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Osteopathic treatment before and during Pregnancy

Supporting the change

One of the most unique times in a woman’s life, pregnancy is quite a special state. Fortunately, many women have an easy, straightforward experience, but for those who don’t, osteopathic treatment can be very effective at easing discomfort and making this unique time enjoyable - the way it should be.

In an ideal world, every woman who is planning to become pregnant would have an osteopathic assessment and treatment in preparation for the journey ahead. This is particularly important if she has any musculoskeletal issues, be it lower back pain, neck and shoulders tension or pain, bad posture, or had a severe injury in the past (as for example, a past unresolved ankle sprain can alter walking patterns even slightly which may lead to tricky pelvic and spinal dysfunctions or restrictions that can interfere with the necessary postural adaptations in pregnancy and even labour). ​​Pain can crop up in pregnancy as your body is trying to adapt to major postural changes​While particular attention should be directed towards the pelvis, osteopaths try to make sure the whole body is able to adapt efficiently to the incredible changes that happen on many levels during pregnancy. Some things we focus on pre-conception are improving blood flow and lymphatic circulation in the pelvis and abdomen. This is so important these days when most people spend hours sitting at their desks or in vehicles. Balancing the autonomic nervous system (which usually means reducing the effects of stress by calming the sympathetic nervous system) is another area that often needs help and can make for a very different experience once a woman becomes pregnant, for both herself and the baby.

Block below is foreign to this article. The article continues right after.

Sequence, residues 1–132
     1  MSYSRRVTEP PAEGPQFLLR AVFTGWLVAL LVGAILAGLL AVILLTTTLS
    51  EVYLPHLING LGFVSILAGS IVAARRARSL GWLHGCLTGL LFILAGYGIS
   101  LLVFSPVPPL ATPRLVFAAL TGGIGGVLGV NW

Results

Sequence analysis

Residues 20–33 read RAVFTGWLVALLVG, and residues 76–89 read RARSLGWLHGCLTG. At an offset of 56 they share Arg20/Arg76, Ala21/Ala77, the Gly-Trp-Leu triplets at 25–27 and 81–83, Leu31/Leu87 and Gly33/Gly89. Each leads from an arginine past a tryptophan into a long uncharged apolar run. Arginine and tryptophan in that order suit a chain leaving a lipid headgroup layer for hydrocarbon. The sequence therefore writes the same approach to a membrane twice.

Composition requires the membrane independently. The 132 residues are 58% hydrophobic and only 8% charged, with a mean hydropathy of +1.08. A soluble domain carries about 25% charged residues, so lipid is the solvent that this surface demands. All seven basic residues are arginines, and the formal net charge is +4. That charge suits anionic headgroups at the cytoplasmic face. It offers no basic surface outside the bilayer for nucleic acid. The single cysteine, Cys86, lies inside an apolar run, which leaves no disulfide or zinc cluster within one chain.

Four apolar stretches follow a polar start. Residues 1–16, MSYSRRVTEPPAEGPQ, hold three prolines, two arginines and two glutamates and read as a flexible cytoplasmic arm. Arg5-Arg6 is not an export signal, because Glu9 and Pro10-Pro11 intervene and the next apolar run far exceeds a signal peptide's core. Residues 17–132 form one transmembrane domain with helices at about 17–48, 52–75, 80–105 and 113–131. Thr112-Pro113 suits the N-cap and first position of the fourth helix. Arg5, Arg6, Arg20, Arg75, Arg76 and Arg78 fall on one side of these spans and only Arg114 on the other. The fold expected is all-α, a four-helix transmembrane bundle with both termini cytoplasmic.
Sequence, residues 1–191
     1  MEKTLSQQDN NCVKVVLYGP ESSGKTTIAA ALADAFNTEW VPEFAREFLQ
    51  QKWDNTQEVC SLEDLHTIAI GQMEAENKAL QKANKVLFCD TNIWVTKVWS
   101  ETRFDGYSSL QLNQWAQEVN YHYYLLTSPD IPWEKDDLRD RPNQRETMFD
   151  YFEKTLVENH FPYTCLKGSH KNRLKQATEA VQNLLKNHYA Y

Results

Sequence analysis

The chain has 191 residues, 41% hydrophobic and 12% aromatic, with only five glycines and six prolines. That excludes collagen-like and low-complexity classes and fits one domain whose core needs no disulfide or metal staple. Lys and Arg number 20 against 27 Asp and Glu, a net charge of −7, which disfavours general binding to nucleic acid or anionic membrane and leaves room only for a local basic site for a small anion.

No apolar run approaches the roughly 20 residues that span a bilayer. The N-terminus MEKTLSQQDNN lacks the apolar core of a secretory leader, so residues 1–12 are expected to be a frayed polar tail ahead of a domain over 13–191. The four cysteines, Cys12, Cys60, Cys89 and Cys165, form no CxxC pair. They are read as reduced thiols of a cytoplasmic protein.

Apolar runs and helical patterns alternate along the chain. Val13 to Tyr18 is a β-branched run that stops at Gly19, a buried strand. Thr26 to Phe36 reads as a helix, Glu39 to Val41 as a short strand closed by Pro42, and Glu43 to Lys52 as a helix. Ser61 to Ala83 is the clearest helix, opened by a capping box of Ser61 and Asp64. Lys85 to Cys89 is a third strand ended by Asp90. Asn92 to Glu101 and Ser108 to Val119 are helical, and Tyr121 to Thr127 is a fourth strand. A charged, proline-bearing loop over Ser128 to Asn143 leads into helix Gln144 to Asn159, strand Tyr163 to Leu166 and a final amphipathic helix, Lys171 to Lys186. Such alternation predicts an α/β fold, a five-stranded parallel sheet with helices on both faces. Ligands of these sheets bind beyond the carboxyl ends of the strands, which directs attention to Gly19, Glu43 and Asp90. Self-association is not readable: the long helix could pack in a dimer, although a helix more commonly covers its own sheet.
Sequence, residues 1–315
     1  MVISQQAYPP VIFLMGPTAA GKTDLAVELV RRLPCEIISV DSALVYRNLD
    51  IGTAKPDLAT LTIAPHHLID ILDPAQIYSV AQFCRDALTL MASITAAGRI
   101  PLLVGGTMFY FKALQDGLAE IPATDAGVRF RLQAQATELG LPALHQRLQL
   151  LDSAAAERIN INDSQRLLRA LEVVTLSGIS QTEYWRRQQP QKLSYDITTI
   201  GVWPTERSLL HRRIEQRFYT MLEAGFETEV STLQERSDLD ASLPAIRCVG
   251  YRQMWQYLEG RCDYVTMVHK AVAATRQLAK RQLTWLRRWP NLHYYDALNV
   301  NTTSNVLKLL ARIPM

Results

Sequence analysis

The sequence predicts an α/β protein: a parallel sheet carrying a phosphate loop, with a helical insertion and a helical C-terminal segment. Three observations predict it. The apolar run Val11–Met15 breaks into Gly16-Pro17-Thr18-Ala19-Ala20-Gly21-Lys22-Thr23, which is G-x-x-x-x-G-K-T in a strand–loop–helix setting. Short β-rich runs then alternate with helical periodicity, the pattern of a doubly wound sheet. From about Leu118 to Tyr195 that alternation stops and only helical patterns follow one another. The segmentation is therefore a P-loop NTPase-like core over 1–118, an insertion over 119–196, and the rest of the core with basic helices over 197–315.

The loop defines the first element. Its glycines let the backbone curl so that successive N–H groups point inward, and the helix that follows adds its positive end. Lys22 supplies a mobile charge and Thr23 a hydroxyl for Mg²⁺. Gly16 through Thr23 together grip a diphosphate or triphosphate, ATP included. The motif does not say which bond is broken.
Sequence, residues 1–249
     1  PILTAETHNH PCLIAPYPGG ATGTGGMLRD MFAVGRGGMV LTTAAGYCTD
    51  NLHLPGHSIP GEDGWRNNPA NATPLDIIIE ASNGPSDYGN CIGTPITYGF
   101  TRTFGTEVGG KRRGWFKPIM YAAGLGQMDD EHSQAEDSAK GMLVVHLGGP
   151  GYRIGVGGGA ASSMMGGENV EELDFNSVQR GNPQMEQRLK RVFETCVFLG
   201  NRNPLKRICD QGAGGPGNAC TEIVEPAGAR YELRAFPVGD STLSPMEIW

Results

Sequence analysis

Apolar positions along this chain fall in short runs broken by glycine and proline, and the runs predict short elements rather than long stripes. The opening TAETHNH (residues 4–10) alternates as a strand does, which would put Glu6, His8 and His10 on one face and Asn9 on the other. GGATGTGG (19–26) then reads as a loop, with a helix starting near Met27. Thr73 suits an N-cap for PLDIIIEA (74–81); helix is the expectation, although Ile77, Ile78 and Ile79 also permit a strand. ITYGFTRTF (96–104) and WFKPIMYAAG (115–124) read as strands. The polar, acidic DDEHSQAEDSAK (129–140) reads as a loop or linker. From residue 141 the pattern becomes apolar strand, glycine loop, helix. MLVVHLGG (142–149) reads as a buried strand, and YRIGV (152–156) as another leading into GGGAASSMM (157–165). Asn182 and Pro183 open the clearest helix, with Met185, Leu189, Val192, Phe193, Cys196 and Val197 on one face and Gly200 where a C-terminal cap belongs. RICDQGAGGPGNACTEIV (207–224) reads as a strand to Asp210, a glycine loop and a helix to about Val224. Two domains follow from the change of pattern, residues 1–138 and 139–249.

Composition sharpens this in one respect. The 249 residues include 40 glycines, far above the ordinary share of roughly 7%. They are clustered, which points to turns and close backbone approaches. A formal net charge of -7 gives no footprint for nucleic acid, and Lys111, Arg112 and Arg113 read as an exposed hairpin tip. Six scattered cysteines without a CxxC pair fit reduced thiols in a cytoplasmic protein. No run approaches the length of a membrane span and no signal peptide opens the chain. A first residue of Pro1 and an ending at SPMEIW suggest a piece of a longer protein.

While sorting out dysfunctions that can be dealt with pre-conception is ideal, treatment in pregnancy is very beneficial and often needed. Pregnancy is a very dynamic state where the body undergoes some profound changes in a relatively short space of time.

​​I will touch on a few of those below and mention briefly what osteopaths can do to help “support the change” or reduce discomfort if the changes are not happening as smoothly as they should: